St. Francis in San Francisco (Jack Wintz) - What if everyone's favorite saint were to step out of the world of history and legend, break free from his statue-like pose at the edge of the birdbath, and visit modern-day San Francisco? Why, he'd have an adventure, of course! When St. Francis comes to visit, there to greet him are Johnny and his dog, Sunpatch, who become the saint's personal tour guides through the city named after him. St. Francis blesses the animals of Golden Gate Park, visits landmarks, and even rides the famous cable cars. Along the way, he embraces everyone in that vibrant multicultural city as brothers and sisters with the same loving Father. This contemporary approach to Francis makes him fresh and meaningful to today's readers. The book celebrates all of creation's diversity as part of the same family and shows how Francis approached creation with a deep spirit of joy. Imbued with Franciscan spirituality throughout, the book also gently introduces the idea that Jesus' incarnation gives value to all humans, animals, and the entire created world. Recommended for ages 3-7.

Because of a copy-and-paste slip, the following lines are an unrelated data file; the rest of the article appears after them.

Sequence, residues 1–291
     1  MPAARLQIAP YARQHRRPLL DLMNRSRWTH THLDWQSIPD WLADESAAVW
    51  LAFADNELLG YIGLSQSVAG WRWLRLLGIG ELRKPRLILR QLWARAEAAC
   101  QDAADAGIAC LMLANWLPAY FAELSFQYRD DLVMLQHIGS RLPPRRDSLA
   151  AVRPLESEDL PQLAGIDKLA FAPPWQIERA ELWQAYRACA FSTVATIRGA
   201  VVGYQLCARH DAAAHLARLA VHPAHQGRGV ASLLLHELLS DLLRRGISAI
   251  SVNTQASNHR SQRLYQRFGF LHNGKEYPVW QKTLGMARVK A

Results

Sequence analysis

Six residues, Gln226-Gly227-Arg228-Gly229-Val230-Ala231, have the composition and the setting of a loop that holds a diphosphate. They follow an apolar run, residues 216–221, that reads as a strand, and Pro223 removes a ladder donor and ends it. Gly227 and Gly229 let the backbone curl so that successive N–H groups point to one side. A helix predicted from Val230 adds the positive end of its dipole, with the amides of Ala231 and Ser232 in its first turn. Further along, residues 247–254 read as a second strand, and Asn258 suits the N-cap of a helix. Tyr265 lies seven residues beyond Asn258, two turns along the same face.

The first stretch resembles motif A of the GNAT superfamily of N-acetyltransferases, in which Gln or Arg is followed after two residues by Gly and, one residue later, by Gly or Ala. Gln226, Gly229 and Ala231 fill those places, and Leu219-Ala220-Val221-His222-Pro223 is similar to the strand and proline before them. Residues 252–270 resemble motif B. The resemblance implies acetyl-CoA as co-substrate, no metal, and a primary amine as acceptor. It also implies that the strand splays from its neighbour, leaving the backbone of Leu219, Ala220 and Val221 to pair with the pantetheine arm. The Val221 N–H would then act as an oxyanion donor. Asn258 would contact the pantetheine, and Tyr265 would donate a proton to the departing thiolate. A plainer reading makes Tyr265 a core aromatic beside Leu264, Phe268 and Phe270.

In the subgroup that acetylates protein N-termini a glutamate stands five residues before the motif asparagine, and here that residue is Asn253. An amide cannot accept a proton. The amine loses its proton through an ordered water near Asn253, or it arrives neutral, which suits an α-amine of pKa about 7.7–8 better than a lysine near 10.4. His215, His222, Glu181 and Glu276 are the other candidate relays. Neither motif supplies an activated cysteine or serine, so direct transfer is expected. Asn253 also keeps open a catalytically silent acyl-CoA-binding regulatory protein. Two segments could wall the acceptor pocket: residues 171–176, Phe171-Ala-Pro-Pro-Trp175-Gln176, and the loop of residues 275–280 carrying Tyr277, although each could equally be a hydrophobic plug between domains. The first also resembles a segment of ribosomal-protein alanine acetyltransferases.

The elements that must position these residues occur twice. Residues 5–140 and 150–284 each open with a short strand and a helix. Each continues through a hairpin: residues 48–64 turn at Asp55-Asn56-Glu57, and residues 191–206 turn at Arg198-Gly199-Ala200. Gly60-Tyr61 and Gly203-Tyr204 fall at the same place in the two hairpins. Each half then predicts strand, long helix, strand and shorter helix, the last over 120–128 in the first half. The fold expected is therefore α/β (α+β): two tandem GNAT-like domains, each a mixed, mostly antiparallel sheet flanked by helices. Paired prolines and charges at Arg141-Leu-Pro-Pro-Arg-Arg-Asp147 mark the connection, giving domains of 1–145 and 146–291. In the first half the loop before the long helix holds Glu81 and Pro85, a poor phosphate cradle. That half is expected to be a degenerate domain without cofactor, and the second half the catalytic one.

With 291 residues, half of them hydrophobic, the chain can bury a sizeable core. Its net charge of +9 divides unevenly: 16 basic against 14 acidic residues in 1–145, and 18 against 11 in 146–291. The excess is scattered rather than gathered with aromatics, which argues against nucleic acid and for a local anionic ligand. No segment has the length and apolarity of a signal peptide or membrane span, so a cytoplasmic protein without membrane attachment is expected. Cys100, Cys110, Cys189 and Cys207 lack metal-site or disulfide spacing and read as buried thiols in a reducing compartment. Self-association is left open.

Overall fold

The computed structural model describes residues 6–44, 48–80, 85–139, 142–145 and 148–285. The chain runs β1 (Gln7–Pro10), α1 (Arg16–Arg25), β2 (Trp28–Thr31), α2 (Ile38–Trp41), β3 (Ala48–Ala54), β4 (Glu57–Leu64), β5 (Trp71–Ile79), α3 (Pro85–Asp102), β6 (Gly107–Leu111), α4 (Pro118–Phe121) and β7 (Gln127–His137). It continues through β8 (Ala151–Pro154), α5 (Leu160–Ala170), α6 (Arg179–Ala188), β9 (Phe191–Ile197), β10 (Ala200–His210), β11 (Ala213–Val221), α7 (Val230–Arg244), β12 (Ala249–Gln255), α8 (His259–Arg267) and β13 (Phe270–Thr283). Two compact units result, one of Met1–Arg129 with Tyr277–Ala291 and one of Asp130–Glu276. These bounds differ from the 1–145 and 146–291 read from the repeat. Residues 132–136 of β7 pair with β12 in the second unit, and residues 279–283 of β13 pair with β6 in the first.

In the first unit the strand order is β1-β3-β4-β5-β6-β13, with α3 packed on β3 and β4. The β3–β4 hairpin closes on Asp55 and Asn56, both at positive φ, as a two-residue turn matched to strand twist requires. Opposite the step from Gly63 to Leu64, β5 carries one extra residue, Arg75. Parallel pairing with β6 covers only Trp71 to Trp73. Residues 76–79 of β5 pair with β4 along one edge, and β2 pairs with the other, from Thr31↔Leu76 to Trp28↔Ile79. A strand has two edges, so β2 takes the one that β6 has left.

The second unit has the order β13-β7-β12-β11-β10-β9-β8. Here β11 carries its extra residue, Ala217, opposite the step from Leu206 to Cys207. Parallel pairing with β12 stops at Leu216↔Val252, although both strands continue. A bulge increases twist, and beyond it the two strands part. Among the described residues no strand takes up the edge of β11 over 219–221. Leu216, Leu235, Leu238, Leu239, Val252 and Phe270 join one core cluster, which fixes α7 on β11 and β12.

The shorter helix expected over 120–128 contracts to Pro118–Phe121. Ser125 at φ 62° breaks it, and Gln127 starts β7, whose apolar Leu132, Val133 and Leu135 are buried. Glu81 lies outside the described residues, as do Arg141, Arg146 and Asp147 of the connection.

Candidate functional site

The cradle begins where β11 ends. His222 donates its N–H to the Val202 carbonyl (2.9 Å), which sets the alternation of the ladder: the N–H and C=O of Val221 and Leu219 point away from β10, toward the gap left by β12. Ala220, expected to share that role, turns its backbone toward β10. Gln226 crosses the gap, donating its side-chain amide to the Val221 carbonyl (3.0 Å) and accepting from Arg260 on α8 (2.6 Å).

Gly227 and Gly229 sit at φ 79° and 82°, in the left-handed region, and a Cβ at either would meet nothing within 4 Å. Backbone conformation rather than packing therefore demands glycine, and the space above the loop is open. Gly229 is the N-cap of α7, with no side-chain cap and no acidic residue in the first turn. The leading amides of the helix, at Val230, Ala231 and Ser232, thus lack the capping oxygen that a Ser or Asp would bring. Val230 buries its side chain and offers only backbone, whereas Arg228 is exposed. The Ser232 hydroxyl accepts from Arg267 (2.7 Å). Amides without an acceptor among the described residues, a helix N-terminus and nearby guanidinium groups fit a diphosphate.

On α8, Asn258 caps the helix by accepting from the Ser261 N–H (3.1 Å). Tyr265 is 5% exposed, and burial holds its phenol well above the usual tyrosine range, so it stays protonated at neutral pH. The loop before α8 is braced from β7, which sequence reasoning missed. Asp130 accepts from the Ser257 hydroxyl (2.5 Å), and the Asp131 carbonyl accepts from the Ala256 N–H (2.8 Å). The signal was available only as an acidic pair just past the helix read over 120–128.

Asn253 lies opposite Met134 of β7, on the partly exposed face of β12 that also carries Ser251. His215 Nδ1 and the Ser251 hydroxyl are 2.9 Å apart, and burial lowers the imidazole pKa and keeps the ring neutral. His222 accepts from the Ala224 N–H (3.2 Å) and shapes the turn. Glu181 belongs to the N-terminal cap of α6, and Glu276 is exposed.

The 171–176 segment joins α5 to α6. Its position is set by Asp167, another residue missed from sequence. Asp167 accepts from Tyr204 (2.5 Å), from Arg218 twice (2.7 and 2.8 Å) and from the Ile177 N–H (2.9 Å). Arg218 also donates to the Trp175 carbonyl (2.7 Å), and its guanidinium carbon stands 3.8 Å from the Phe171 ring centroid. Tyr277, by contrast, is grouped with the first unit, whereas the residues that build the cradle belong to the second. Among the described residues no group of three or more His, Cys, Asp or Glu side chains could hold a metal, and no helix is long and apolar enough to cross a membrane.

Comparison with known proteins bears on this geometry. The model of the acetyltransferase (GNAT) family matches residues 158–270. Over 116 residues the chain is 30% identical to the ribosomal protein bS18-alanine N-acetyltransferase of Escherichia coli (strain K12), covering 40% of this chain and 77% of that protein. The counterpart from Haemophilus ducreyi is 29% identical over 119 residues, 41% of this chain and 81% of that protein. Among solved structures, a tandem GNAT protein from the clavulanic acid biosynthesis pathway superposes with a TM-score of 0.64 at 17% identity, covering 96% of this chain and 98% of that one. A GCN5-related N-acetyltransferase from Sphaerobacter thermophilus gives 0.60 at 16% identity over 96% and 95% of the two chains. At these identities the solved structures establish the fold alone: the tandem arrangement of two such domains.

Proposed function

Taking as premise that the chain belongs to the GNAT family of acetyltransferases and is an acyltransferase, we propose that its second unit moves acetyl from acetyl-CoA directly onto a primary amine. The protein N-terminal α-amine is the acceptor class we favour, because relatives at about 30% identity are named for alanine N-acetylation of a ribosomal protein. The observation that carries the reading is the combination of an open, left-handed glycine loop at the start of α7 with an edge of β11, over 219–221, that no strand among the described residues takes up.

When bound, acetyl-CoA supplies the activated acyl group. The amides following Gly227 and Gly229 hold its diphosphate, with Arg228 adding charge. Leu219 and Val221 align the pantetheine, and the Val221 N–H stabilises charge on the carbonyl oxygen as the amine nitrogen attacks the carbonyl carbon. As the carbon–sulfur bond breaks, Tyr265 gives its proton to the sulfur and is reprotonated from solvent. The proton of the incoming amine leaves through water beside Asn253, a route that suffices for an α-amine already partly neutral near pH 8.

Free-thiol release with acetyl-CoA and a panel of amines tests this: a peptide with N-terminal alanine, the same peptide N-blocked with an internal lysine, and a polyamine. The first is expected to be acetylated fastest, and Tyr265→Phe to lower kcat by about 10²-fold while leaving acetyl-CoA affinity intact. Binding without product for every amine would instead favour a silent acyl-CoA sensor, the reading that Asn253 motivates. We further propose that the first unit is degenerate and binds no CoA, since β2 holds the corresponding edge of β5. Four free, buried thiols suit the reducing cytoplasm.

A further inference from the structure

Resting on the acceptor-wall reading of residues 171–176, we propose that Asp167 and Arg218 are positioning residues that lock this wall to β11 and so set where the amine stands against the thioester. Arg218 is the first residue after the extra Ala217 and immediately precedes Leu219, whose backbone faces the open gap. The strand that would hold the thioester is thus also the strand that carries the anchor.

The Song of Francis and the Animals (Pat Mora) - Mora's narrative about the Saint and his tender relationships with wild creatures is more poetry than story. The lyrical text describes how Francis speaks with birds, tames a wolf that threatens the people of Gubbio, and re-creates the manger scene with the help of villagers, lambs, an ox, and a donkey. Throughout, the animals sing and call back to him. Some Italian phrases are included, with a translation at the front of the book. The variety of species that populate Frampton's vibrant, detailed two-page woodcuts will delight youngsters. The animals are full of character and personality and emphasize Francis's belief in their gentleness. The fierce wolf turns into a fawning supplicant and a falcon shelters the sleeping man with spread wings. While this book may be more relevant to parochial than secular schools, its message of treating all living things with kindness is universal. Francis's compassion for a worm shows children an example of having respect for even the lowliest of creatures. Recommended for ages 4-8.